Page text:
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What Reagan Taught Bush
Source News for Social Justice Action
Date 04/06/11/22:47

What Reagan Taught Bush - The top 10 lessons for counterrevolutionaries.
By David Lytel
Web Exclusive: 06.09.04
http://www.prospect.org/web/printfriendly-view.ww?id=7817

Anyone old enough to remember the Reagan presidency is in shock. The right,
because their hero has died; the left, because the eulogizing is so
gloriously twisted and exaggerated it brings to mind Reagan himself, who
never let the facts get in the way of a good story. If you missed the
Reagan administration and need a crash course, here are the lessons that
the Republicans learned from the Reagan presidency and have passed on to
George W. Bush and America's current rulers.

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10. Even if tax cuts build a weaker America they build a stronger
Republican party: As economist Lester Thurow has written, "the epitaph of
the Reagan presidency will be: When Ronald Reagan became President, the
United States was the largest creditor nation. When he left the presidency,
we were the world's largest debtor nation." Under cover of his
"supply-side" theory, he massively expanded the federal budget deficit and
our trade deficit, both of which were harmful in the long run but allowed
the Republicans to juice the economy with debt-financed stimulus and win
re-election for Reagan. The Republican fable that Reagan returned America
to economic strength after the failure of the Carter administration is not
borne out by fact. Reagan continued Carter's regulatory reform policies,
and only in the final year of his presidency (1988) did employment return
to what it had been in 1979. There is no evidence that Reagan's "tax cuts"
had any significant economic impact, since they were really a shift in the
tax burden from the wealthy to the middle class. The long-term effect of
the Republican drive to reduce the tax burden on the wealthy is profound.
If U.S. taxes were equivalent to those of our European allies, the Social
Security Trust Fund would be solvent and sufficient funds would exist to
virtually eliminate poverty and provide significant investment in public
education -- so when you see substandard housing and underfunded public
schools, think of Ronald Reagan.
9. A President must take full responsibility for everything except mistakes
and illegal activities: Reagan's campaign manager, William Casey,
negotiated the sale of weapons to Iran to secure the release of America's
hostages held there, a direct violation of U.S. law and policy. Once in
office as Reagan's CIA director, he illegally oversaw the transfer of funds
to right-wing counter-revolutionaries in Nicaragua.The official response to
the torture of Iraqi prisoners at Abu Ghraib is eerily similar to the story
created to defend the Reagan administration's cover-up of Iran-Contra: that
it was the work of a few rogue employees who were operating at the highest
levels of the U.S. government. The Reagan Administration's official cover
story was that an employee (Oliver North) in the White House's National
Security Council brokered the illegal sale of weapons to America's enemies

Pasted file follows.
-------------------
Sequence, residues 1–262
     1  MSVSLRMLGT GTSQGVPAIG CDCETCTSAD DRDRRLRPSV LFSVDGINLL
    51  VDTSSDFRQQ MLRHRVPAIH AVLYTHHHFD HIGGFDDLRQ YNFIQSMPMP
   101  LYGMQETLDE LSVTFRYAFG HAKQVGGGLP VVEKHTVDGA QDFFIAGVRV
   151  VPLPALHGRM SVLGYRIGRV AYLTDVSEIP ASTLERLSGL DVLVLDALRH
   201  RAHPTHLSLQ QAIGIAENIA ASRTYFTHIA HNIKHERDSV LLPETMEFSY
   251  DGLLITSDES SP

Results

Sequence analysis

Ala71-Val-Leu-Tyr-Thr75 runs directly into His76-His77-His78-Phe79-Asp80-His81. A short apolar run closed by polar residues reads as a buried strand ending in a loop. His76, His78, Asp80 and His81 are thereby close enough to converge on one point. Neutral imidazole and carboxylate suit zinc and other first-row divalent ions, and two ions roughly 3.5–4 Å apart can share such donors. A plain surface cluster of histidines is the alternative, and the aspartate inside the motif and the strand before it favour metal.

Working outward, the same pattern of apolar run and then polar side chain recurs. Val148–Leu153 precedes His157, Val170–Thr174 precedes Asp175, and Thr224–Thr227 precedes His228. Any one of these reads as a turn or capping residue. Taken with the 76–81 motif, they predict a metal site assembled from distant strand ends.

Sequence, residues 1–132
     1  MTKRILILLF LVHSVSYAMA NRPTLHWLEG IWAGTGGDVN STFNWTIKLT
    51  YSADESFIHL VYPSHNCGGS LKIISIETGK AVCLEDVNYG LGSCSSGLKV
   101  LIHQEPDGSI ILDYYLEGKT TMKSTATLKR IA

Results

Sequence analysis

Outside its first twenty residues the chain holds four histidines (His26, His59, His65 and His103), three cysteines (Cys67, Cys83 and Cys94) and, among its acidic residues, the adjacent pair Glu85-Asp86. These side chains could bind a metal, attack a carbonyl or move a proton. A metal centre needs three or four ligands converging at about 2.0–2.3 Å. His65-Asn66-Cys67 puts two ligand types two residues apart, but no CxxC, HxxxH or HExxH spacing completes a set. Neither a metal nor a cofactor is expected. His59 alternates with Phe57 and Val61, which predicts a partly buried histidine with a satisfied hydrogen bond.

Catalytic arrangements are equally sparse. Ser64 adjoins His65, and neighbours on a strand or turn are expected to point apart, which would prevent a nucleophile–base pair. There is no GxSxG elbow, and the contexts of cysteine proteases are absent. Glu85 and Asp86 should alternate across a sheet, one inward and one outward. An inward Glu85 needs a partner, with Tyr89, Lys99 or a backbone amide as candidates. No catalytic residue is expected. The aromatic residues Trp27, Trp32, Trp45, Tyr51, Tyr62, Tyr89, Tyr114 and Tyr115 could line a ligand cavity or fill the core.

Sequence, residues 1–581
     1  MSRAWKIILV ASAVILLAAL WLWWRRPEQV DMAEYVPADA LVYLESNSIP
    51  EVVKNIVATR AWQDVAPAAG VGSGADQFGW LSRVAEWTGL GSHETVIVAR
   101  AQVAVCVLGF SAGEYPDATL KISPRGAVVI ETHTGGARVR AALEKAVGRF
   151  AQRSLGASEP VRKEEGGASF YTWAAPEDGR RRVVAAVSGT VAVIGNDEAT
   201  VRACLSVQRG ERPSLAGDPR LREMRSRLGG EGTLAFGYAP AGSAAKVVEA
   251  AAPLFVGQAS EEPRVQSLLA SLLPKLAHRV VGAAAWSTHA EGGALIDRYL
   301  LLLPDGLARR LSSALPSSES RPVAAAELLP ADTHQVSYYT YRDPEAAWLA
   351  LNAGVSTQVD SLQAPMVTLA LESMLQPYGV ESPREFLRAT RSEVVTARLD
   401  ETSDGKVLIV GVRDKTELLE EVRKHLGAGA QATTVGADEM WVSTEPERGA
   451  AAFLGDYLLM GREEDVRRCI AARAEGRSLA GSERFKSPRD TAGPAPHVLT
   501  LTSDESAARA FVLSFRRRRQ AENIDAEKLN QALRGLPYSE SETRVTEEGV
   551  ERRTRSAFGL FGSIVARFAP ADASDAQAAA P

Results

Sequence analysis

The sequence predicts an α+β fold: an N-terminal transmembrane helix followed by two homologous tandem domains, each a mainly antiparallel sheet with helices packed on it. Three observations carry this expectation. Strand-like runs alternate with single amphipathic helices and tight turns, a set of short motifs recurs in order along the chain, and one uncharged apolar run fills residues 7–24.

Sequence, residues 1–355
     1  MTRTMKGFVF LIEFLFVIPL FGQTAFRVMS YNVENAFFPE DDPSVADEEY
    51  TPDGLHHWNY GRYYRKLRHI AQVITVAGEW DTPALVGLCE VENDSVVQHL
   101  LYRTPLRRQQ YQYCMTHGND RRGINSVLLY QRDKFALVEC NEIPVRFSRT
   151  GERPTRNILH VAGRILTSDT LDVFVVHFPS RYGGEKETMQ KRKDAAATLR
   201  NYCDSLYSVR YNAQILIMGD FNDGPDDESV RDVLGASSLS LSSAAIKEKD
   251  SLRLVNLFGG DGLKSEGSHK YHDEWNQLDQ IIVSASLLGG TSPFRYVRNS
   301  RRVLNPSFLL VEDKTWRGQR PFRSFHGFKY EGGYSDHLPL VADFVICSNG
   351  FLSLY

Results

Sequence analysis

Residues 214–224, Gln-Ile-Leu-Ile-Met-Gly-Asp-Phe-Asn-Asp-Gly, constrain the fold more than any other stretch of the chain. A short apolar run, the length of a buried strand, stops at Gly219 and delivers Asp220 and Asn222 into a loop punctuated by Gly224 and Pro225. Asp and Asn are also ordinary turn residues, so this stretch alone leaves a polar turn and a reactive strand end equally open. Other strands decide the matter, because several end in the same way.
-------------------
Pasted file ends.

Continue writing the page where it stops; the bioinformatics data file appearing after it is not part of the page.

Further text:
and used the money to finance right-wing paramilitary groups in Nicaragua
and El Salvador. In reality, nothing like this was possible without the
tacit cooperation of the CIA, NSA, and the rest of the military
establishment, but the thin veneer of plausibility enabled the
administration to deflect blame from the leaders, who escaped prosecution
for their crimes. In addition to Reagan, whose knowledge of the activities
of his own government was sketchy at best, George H. W. Bush also claimed
to have been "out of the loop" despite the preponderance of evidence to the
contrary. The debate over culpability often glides right past the question
of what we were doing training and equipping forces widely cited by
international human rights organizations as being barbaric and inhumane.
Because they called themselves anti-communist, the Reagan administration
welcomed them as allies and refused to permit their crimes to be
investigated -- just as today we accept profoundly anti-democratic regimes
in Pakistan, Egypt, and Saudi Arabia because they are willing to help us
plunder Afghanistan and Iraq.

8. While overt racism is unseemly, a Republican leader should signal to
white-power proponents that he agrees with them: Reagan pioneered insulting
the poor and powerless and proved how popular this is with white men.
Launching his candidacy for the presidency in the deep south where white
civil-rights workers had been murdered, he invoked "states' rights,"
language that substituted for the discredited claims of Caucasian racial
supremacy as the racist's rallying cry. Reagan's characterization of black
women on public assistance as "welfare queens" enabled white people to
openly loathe them again, behavior that, during the height of the
civil-rights movement, had been considered rude and boorish. Had Reagan
genuinely cared about misappropriation of public funds, he would not have
been indifferent to corporate crimes that looted more money from both
public and private coffers than all of the black women in American history
(including Oprah Winfrey) have ever seen. The blindness of Reagan's Justice
Department permitted new forms of corporate fraud to be pioneered such as
junk bonds that stole billions from investors and the misuse of savings and
loan charters, creating a scandal that drained billions from the public
treasury. Neither of these massive rip-offs attracted Reagan's attention
because their perpetrators and the beneficiaries of these crimes were
almost entirely male Caucasians.

7. Nations that assist the United States in its foreign policy goals can
murder, torture, and imprison anyone necessary to maintain stability:
Reagan's ambassador to Honduras John Negroponte, now in charge of the
reconstruction of Iraq, gave American moral and financial support to
Roberto d'Aubuisson and his ARENA Party in El Salvador, a barely veiled
political arm of the death squads that terrorized the country in the name
of democracy and freedom. Reagan also remained silent on the great crusade
against apartheid in South Africa, which he considered a matter for the
South African military to manage by itself with assistance from American
arms dealers.

6. Bust unions whenever you can, because those people are a danger to the
continued concentration of wealth and power in the hands of trust-fund
Republicans. Among Reagan's first acts in office was the crushing of the